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All 4 books by Edward Tufte now in
paperback editions, $100 for all 4
Visual Display of Quantitative Information
Envisioning Information
Visual Explanations
Beautiful Evidence
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Edward Tufte e-books
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La représentation de l'information
quantitative, (200 pages) $12
La Representación Visual de Información
Cuantitativa, (200 páginas) $12
Visual and Statistical Thinking, $2
The Cognitive Style of Powerpoint, $2
Seeing Around + Feynman Diagrams, $2
Data Analysis for Politics and Policy, $2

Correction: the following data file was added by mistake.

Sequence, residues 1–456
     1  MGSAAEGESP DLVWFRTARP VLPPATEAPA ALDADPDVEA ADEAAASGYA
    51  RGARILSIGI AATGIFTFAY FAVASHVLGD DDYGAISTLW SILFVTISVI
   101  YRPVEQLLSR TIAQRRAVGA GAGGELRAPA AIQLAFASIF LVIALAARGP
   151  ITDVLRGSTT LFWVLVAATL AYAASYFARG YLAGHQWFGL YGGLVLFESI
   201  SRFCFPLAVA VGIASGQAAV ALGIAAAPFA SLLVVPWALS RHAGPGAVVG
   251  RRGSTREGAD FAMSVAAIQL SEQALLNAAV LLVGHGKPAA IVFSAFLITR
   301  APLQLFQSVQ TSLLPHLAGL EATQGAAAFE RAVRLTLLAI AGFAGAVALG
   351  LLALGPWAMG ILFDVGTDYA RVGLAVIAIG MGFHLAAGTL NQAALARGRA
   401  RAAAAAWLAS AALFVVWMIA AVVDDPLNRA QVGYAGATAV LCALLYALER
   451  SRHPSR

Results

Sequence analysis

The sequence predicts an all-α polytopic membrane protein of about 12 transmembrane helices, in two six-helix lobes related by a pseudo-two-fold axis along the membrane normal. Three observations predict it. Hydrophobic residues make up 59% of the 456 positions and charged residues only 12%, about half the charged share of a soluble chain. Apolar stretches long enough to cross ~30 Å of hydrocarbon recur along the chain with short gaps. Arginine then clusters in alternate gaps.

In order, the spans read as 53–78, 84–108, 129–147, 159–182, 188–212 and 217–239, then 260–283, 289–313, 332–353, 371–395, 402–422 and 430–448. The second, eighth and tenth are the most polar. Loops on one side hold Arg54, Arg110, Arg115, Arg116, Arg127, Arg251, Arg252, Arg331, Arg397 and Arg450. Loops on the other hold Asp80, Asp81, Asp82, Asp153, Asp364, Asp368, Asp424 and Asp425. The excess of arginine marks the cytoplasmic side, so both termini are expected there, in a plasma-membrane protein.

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Edward Tufte one-day course,
Presenting Data and Information
Bethesda, November 17
Washington, November 18, 19
San Jose, December 15
San Francisco, December 18, 19
San Francisco, February 9, 10, 11
San Jose, February 13
Good web design, web standards, user testing

There was a discussion about you today on the SIGIA mailing list. It seems that you said in your seminar that "a good web design means that you don't have to user test"... This is a very interesting view. How do you think one can reach such a good design without knowing the user needs and capabilities? Do good designers just have it intuitively, like the romantic artist of the XIXth century? Or maybe does good design not include usable design (what is "good", then?)